Analysis: Trip by Saudi royal unlikely to herald radical change
Analysis Trip by Saudi
By JONATHAN SPYER
The Syrian Al-Watan newspaper reported on Wednesday that a two-day visit by Saudi King Abdullah bin Abdul Aziz was due to begin that day. The talks, Al-Watan noted, would conclude with the signing of a joint agreement on the issue of taxes.
This is what is known as setting a low bar for success. The editors of Al-Watan have good reason for their caution. Despite the great importance being attached by some regional analysts to the Saudi-Syria talks, they are unlikely to herald a fundamental shift in regional diplomacy.
In seeking to repair relations with Syria, Riyadh is adjusting to an existing reality. That reality is the decision by the US administration to end the policy of isolation of Damascus.
Relations between Saudi Arabia and Syria went below the freezing point after the murder of Saudi citizen and former Lebanese Prime Minister Rafik Hariri in 2005. Syria was (and is) suspected of being behind the murder.
At that time, Saudi anger at the Syrians fit with broader Western policy. In the last weeks, however, senior Syrian officials have visited Washington. Saudi Arabia sees no benefit in pursuing a regional policy in opposition to that of its protector.
Iran is the key to Western and Saudi overtures toward Syria. It is believed that Syria is the "weakest link" in the Iran-led regional axis. The Saudis are extremely worried at the onward march of Iranian power in the region, and the prospect that this may be taking place soon under a nuclear umbrella.
The West, and Saudi Arabia, evidently hope to initiate a process of coaxing Damascus away from Teheran. Saudi power is financial power. Riyadh could offer the economically ailing regime in Damascus a host of economic incentives in return for distancing itself from Iran.
In addition to the key issue of Iran, the Saudis will be hoping to settle the long-overdue matter of Lebanese government formation. Syrian interference and exertion of influence on elements within the March 8 opposition coalition has been a key element in preventing the resolution of the crisis.
The issue of Hamas-Fatah rapprochement is likely to be discussed also. The Saudis do not enjoy the sensation of appearing on the same side as Israel in a regional bloc, with the opposite bloc bidding for ownership of the Palestinian cause. They therefore have a clear interest in the success of current moves toward some form or other of rapprochement or at least blurring between the pro-Iranian and pro-Syrian Hamas enclave in Gaza and the Palestinian Authority.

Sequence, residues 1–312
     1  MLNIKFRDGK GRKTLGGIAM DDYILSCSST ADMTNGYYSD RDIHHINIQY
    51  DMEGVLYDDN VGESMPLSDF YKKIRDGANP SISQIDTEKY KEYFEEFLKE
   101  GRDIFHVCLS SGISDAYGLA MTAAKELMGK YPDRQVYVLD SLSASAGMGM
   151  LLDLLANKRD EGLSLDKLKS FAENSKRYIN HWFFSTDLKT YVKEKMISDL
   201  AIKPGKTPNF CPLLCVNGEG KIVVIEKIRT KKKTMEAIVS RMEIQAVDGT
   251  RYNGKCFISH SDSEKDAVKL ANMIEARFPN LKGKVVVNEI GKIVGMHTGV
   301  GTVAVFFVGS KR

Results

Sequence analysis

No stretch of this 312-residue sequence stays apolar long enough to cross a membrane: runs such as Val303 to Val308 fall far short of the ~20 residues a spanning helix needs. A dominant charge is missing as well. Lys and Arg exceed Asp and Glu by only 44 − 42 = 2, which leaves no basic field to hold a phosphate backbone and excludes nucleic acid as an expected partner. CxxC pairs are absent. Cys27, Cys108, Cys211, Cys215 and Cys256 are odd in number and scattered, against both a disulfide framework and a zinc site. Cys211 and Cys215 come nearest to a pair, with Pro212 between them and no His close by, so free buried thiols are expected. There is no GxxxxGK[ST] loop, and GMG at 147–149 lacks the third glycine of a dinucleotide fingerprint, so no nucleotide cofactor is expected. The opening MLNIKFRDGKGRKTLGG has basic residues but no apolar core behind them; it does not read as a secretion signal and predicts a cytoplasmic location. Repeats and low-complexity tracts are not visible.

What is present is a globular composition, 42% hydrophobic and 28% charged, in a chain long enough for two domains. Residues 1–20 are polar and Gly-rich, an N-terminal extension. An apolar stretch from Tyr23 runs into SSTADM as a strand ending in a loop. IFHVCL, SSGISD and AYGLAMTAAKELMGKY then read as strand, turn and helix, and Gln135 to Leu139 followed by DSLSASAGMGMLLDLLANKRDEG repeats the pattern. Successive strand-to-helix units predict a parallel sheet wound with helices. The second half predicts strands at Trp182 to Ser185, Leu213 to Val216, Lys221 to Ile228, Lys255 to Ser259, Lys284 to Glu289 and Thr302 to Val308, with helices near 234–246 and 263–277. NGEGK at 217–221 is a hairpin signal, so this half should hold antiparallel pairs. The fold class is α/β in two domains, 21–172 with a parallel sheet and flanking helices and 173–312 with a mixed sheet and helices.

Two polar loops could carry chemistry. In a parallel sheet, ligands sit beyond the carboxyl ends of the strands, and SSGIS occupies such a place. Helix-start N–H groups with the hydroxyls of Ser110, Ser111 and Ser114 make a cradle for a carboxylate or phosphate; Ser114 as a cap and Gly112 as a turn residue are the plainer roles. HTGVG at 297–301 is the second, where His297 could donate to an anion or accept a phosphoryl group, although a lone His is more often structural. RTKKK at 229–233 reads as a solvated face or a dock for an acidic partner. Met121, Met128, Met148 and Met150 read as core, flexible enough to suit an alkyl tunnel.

From the Syrian point of view, Damascus has recently been involved in a heated dispute with the Maliki government in Iraq. This dispute has not been resolved. Damascus wants the Saudis to line up alongside it and against the government in Iraq in the approach to US withdrawal.
The Syrians hope to gain from Saudi economic aid and investment. In addition, Damascus wants to continue the ongoing rebuilding of hegemony in Lebanon.
So the wish lists of the two countries are extensive, and fairly clear. Why shouldn't the efforts bear fruit?
The larger Western effort to coax Damascus away from Iran has so far produced very little. Syrian President Bashar Assad demonstratively visited Teheran after the apparently rigged presidential elections. Syrian interference in Lebanon, Iraq and among the Palestinians continues apace.
With all due respect to the kingly visit, the Saudis are unlikely to succeed where the US administration has so far failed.
This is because Syria, correctly, detects weakness behind the overtures from the US and its allies. Damascus sees that the American administration is flailing in its Iran policy. Its natural response in such a situation is not to compromise on fundamentals, but rather to conclude that its current approach is working, and to dig in.
Damascus would have much to gain from repairing relations with the Saudis. But the cost of ceding its key regional alliance - with Teheran - is likely to be beyond its price range. This leaves two possibilities. Either the Saudis will offer a lower price - which will represent capitulation. Or the stalemate will continue with perhaps cosmetic adjustments.
So while it is impossible to predict the outcome of the talks between King Abdullah and President Assad, the following assumptions may be asserted with some confidence: Whatever the precise complexion of the government which eventually emerges in Lebanon - whether or not Michel Aoun's son-in-law Gebran Bassil gets the Telecommunications Ministry and so on - the campaign to restore Syrian hegemony will continue. This will take place alongside and in alliance with the Iranian state within a state which currently wields parallel power in Lebanon.
Whether or not the Egyptian brokered reconciliation between Fatah and Hamas takes place on schedule, the Syrian and Iranian influence on Palestinian politics will continue. This influence will ensure the absence of a meaningful negotiating process.
And finally and most fundamentally, the Syrian alliance with Iran will not be sacrificed in order to re-build relations with Saudi Arabia, or with the West. In case anyone had failed to notice, the Iranians are currently running rings around the US in the "negotiations" over the Iranian nuclear program. It may be assumed that the Ba'athis in Damascus have not failed to notice this. Good luck with the tax agreement.
Jonathan Spyer is a senior researcher at the Global Research in International Affairs center, IDC, Herzliya.
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